Disagreeing with Teresa Heinz Kerry over mammograms for all

Dec 23, 2009

The number of women in the United States  newly diagnosed with invasive breast cancer is rising by 1% each year. It is with sadness therefore,  that I learned today that Teresa Heinz Kerry is now a part of that statistic.

Mrs. Heinz has been a long-standing  advocate for research that better understands environmental and lifestyle causes of breast cancer. Teresa Heinz, as an action-oriented philanthropist and policy maker,  is clearly a dear friend to all breast cancer prevention proponents.

But mammograms do not prevent breast cancer; so I reluctantly must disagree with Mrs. Heinz when she limits her remarks to say that  all women, no matter what their risk levels, should have an annual mammogram at age 40 and older.

This one and only one- size- fits- all recommendation seems inappropriate, given recent research and experience   on how  high vitamin D levels can  stop breast cancer from happening,  as well as  other known  breast cancer risk factors, not to mention  the well documented limits and sometimes dangers of annual screening mammograms.

To truly protect ourselves  from developing breast cancer,  all women,  young and old,  need to  follow a real prevention lifestyle.. not just go running to get a mammogram!

For example:

  • If you are past 40 have you found alternatives to contraceptive drugs or hormone replacement drugs ?
  • Have you had a vitamin D3 blood test yet? Are you taking enough vitamin D3 supplements every day to keep your blood serum levels at  60 ng/ml?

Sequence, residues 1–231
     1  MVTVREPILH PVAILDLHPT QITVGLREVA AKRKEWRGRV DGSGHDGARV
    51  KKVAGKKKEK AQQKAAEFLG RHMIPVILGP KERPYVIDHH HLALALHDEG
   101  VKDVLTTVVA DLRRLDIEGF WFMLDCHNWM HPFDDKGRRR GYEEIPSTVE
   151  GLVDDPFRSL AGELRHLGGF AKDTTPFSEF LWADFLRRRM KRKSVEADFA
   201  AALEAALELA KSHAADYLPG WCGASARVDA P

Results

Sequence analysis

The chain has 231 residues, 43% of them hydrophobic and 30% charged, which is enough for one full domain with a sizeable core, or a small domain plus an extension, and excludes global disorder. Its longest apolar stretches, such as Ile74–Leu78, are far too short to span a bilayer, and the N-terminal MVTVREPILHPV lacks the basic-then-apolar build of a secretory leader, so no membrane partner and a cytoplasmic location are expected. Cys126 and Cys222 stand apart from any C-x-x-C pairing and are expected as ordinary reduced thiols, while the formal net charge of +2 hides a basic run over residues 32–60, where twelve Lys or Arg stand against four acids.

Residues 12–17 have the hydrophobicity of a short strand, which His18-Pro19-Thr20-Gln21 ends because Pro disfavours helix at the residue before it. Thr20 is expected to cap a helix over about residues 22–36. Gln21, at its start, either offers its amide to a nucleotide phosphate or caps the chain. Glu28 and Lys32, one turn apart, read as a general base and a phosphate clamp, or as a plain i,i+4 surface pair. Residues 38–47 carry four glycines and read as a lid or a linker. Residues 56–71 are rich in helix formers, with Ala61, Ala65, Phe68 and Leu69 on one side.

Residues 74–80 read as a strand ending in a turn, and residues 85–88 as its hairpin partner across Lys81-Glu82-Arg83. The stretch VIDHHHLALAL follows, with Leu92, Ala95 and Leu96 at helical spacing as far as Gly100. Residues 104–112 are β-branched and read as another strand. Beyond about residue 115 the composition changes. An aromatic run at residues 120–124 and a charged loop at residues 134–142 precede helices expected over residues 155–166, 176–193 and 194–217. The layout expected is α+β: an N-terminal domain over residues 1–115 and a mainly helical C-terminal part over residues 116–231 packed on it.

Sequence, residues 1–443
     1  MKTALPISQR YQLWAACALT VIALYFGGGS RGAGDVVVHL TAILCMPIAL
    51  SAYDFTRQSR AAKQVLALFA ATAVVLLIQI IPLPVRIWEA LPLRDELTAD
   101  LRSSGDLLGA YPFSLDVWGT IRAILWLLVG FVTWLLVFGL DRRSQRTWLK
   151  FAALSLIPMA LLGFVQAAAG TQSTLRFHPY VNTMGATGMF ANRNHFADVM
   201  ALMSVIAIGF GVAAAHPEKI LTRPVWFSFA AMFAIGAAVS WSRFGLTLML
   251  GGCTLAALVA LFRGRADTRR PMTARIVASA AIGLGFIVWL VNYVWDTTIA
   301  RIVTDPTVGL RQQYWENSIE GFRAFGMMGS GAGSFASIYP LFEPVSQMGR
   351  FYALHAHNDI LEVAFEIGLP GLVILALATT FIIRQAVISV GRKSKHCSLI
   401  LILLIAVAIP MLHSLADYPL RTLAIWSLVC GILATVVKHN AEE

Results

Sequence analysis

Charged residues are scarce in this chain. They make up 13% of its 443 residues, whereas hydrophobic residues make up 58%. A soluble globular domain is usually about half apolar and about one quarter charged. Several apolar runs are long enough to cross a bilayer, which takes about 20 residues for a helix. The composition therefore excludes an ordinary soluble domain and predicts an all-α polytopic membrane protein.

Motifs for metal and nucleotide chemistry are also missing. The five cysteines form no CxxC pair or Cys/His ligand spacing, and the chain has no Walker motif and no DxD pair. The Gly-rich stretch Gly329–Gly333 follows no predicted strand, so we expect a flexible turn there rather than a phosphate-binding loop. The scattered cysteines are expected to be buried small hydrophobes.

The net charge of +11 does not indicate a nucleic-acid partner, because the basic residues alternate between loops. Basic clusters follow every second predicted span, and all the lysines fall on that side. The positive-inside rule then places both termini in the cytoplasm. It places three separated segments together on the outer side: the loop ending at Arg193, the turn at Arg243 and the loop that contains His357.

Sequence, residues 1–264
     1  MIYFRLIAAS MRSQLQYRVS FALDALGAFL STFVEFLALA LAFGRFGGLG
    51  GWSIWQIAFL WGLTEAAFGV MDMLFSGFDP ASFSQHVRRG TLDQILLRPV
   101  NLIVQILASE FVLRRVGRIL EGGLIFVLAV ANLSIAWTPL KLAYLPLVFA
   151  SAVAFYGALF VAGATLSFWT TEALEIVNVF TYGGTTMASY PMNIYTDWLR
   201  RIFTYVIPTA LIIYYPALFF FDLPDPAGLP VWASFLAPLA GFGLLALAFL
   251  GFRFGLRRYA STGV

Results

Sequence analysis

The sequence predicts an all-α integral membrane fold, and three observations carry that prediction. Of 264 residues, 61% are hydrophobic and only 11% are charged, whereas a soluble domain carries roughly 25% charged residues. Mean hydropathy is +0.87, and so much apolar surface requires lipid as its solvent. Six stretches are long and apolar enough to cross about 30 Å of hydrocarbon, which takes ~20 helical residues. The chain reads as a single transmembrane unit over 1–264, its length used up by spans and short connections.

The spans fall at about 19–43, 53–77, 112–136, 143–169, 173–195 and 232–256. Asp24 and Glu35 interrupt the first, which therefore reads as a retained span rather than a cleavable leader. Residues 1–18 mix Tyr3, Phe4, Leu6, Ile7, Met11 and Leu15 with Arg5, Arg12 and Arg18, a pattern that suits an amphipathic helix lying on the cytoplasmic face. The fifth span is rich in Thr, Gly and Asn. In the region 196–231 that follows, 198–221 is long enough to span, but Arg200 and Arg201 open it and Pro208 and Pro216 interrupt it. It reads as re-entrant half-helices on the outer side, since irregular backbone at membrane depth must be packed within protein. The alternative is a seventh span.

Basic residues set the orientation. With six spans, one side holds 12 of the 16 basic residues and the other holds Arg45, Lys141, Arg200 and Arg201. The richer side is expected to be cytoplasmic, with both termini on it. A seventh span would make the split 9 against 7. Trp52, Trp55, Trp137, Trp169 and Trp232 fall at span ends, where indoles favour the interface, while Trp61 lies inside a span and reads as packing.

• Are you filtering the water that you drink and shower with every day?
  • Are you able to  limit your alcohol intake to  three glasses of wine or beer a week?

Research shows that no one habit or drug is  going to cause breast cancer; instead breast cancer seems to happen when a mixture of such individualized risk factors comes together into a personalized toxic cocktail.

Each of us needs to understand this range of factors as we work to keep our own breast cancer risk level low.

Focusing only on getting an annual mammogram, instead of  also encouraging women to seriously follow a real prevention lifestyle, will never lower the number of women who develop breast cancer.

To understand how you can put together your own  real prevention lifestyle, see Know Breast Cancer’s 7 Easy Ways at www.knowbreastcancer.net

Wishing you  peace and good health in your home, your community  and across our world this holiday season,

Susan